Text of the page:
My approach as a Brand Therapist is intentionally (and insanely) personal. We can spend our sessions talking about how things have been done in the past, by other brands, if you’d like. However, I’d rather discuss how you can do things better than the competition based on who you are. I’d like to help you make better connections by using your brand—intimate connections that only you can make.
Yes, there are opportunities out there that are only for you.
Sometimes attracting these opportunities requires breaking the “rules”. Sometimes this means knowing why those rules don’t even apply to your brand.
But you have to know your brand in order to make that distinction.
And in order to really get that concept, you have to understand that brands aren’t “made”.
Your brand exists in the mind of every person you or your business comes into contact with. You can refine your brand and you can work on the way your brand is perceived, but—and I really need you to catch this—people get this wrong all the time because they are trying to be something instead of showing how they already are that thing.
If you try to be someone else, you will fail. If you dress your brand up in a style that doesn’t match who it is, people will not trust it—and eventually, you will hate it, too. Your brand already exists. Get to know it and then learn to use it. As a Brand Therapist, I help you do that.If you try to be someone else, you will fail. Click To Tweet
When you get to know your brand, you’ll also learn a few things about yourself. These realizations prove really valuable as you encounter new opportunities in business or otherwise. Your brand is a personal guide for how you should conduct yourself and your business in specific settings. However, if you don’t know your brand, you’re bound to be inconsistent in a way that makes it difficult for people to trust you—making it difficult for them to bring opportunities to you.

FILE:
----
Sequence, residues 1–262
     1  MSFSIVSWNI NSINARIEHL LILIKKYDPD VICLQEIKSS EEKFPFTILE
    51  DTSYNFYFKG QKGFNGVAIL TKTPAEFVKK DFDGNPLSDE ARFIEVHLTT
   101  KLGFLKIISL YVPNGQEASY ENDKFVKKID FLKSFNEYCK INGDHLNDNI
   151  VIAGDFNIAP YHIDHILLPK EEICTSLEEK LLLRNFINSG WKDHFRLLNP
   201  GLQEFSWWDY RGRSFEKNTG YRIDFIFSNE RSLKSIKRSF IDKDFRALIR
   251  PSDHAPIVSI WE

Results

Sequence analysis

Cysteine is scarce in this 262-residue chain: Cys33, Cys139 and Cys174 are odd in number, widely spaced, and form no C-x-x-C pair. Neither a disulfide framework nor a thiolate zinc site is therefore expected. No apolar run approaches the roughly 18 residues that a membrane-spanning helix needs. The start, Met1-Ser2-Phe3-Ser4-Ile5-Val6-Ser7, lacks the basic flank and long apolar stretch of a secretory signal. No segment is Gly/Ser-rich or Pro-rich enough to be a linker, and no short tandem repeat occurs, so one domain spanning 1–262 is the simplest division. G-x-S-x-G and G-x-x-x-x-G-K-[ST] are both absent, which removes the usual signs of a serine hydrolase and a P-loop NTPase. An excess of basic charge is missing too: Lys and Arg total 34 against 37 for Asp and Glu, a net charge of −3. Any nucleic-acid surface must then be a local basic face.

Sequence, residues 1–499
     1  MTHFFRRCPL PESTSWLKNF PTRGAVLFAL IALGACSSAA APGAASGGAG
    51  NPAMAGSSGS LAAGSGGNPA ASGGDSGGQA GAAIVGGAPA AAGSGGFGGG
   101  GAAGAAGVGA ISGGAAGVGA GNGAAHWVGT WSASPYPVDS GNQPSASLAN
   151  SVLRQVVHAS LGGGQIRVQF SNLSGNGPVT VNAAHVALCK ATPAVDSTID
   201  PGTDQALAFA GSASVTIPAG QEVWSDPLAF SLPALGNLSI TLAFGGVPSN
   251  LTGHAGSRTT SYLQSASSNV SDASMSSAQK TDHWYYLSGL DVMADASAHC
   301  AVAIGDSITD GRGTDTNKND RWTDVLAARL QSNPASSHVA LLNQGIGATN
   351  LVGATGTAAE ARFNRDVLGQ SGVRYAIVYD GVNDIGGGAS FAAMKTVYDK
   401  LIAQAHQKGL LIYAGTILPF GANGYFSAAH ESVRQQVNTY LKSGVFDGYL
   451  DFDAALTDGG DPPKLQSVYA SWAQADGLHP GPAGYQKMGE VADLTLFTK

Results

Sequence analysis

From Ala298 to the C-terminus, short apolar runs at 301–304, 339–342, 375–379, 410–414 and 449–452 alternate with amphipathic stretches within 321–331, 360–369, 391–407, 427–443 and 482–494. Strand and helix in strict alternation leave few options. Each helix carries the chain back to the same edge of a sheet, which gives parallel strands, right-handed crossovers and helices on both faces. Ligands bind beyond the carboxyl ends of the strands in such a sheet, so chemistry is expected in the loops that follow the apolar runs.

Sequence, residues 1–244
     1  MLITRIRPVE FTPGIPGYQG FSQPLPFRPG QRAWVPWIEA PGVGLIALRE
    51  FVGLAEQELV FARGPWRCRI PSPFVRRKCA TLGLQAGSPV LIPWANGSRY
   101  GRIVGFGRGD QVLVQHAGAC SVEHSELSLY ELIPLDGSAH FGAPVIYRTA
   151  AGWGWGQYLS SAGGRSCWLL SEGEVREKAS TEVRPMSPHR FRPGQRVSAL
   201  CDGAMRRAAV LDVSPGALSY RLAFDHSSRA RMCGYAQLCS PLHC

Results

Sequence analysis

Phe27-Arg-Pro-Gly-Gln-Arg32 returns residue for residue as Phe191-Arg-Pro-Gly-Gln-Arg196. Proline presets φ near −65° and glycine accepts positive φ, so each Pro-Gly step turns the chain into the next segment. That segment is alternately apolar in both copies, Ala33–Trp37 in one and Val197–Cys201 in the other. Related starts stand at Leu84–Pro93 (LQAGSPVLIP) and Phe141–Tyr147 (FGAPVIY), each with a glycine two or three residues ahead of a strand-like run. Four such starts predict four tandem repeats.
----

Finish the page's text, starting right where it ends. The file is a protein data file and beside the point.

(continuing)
As those opportunities come your way, you’ll achieve things you didn’t think could happen for you. And, quite honestly, it’s not because you got better at something or learned a new skill. Nope. More often than not, it’s because people are seeing you in a more capable light now that you’ve brought to their attention what you can already do well. This works really well for people who rebrand their careers.
This is why I’m a Brand Therapist and not a Brand Consultant. Consulting isn’t designed to get this deep into who you are. Therapy is.
You need to know who your brand is if you want it to be successful.
In actuality, if you watched a consultation session and a therapy session, you might notice that they don’t function very differently. But if you listen to what’s being asked—and what answers come out of those sessions—you hear the differences.
I prefer people do some brand therapy with me before they use their brands the wrong way (like focusing on how it looks before crafting a captivating story). Clearly, I still work with clients after things go in some undesired direction, but I want people to really understand what they’re doing with their brands from the beginning.
It’s frustrating to get your brand wrong and then find out months, or years, later that you’ve been over-complicating it, or overlooking what was right in front of you.
So, while I think consultants do amazing work, helping people maximize their brands, I think therapy is the right option for people who don’t even know what to say to a consultant.
Therapy is a very personal, intimate, focused journey to success. I think every brand (and person) should have that.